Q 08/99    












  Hard Times

Siouxsie Sioux's lost her sales but kept her dignity.

The Creatures
Dour Festival, Dour, Belgium
July 10, 1999

"We had a rude awakening," concedes Siouxsie Sioux, Chislehurst's bisexual Louise Brroks/Ziggy Stardust hybrid.  "I stopped The Banshees in 1996 and presumed when we began something else somebody would want it."

She returned to The Creatures, a drums and vocals side-project featuring peroxided Banshees percussionist Budgie, whom she married in 19991 to live in sprawling, high-ceilinged domesticity in a 14th Century cathedral town, near Toulouse.  In 1996 and '97 they worked at home on their third album Anima Animus, occasionally playing it to their American label Geffen.

"Mid-way through the recording they said they weren't sure," reveals Sioux.  "We'd financed the project but there was nobody paying us back by taking it on.  It was a very lean, very desperate period."

Tonight's show, in front of a few hundred people inside a sweltering tent in grey, sludge-coloured Dour, is where The Creatures must now work (The Banshees were too glamour-obsessed and aloof for festivals until Lollapalooza late in their career).  It has the makings of a soul-destroying disaster, especially as technical problems ensure it's 1.45am when they finally begin to play to a zombie-like audience who have been trudging around the festival all day in search of inspiration from Drugstore, metal act Pulkas and goth veterans Clan Of Xymox.

Yet, in the face of such adversity a glittering Budgie beams throughout the hour-long show as he thrashes out baroque, tribal beats, behind the scarlet-uniformed 42-year-old Siouxsie.

After an uneven performance, hardly helped by the joyless, heads-down bassist and guitarist, The Creatures finally win through, galvanising weary limbs with the glowering 2nd Floor, cryptic Prettiest Thing and stormy Exterminating Angel.  A sparse singalong version of Mel Tormé's Right Now and the impressively synthetic Pluto Drive complete the seduction, as one dark-haired female fan rips off her shirt and limbers around topless in response to a coquettish flash from the singer.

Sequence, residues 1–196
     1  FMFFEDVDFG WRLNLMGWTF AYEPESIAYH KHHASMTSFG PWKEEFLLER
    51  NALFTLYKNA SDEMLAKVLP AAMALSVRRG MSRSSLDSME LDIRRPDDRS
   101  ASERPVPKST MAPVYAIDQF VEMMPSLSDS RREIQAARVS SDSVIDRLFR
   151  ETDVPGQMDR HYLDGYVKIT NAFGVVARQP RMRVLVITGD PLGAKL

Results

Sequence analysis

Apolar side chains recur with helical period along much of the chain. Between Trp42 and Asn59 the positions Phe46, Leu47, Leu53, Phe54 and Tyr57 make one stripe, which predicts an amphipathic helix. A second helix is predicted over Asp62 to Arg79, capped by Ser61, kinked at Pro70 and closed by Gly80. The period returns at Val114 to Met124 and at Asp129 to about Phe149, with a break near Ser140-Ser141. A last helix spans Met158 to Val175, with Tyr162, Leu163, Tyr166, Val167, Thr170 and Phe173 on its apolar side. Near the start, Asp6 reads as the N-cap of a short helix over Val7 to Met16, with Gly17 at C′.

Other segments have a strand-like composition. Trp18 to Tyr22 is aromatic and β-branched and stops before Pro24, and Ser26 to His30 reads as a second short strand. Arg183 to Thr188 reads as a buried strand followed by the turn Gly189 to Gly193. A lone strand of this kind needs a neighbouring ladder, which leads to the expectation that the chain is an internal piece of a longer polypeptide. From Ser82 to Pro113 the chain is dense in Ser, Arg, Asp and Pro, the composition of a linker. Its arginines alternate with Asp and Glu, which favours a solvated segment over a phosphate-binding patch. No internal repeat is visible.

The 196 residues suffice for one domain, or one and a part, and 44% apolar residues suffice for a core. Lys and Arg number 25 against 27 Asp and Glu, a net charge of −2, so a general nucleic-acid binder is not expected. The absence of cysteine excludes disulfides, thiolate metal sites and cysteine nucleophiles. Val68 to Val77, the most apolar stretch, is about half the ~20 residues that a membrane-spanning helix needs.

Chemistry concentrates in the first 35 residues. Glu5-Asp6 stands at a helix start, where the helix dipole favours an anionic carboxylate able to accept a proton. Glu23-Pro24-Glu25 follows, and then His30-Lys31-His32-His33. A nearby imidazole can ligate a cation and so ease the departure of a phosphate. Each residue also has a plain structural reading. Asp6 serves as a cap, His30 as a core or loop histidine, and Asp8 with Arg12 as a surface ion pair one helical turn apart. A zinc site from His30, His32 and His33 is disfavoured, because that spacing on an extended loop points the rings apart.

The Creatures reach their audience of "100,000-or-so" via their Web Site.  Outside this circle, many of whom receive their records by mail order, Siouxsie is a strangely abandoned figure.  Although she turned down a support slot on the Sex Pistols reunion tour and has exerted more quality control over her work than Joe Strummer or John Lydon, she's not in their stratosphere as a punk icon, nor, unlike Chrissie Hynde, has she used celebrity fans to shoehorn herself back into the spotlight.  There have been no dance collaborators (her only partners on record have been Morrissey and Marc Almond), Siouxsie rarely appears at London parties or gigs and remains ambivalent about appropriation of her image.

"John Galliano invited me to his shows a couple of years ago because he was doing a Siouxsie/Cleopatra thing.  It was fun to see the models with Siouxsie wigs on, but I hate fashion."

The Creatures blew their chance to ride the American Goth revival with guitarist-free, audience-challenging American shows with John Cale in 1998.

"We had the idea of setting Samuel Beckett's words to music and doing a Jacques Brel song with Cale.  When we mentioned this to one American fan he assumed Beckett and Brel were our bass players," hisses Siouxsie with a grin.

This wilfulness inspires and frustrates.  The duo refuse to play Banshees songs (except for ancient B-sides) and tonight they perversely omit their excellent new single Say in favour of the ultra-stark Guillotine and Pinned Down from their Eraser Cut EP.

"I'd like it to be a lot easier," confesses Sioux backstage, after Budgie retired with an alarmingly eruptive heat rash.  "We don't have money, the industry is corrupt, but we've always had the dilemma of wanting to get into a bigger arena but not being prepared to do things to get us there."

Steve Mallins 08/99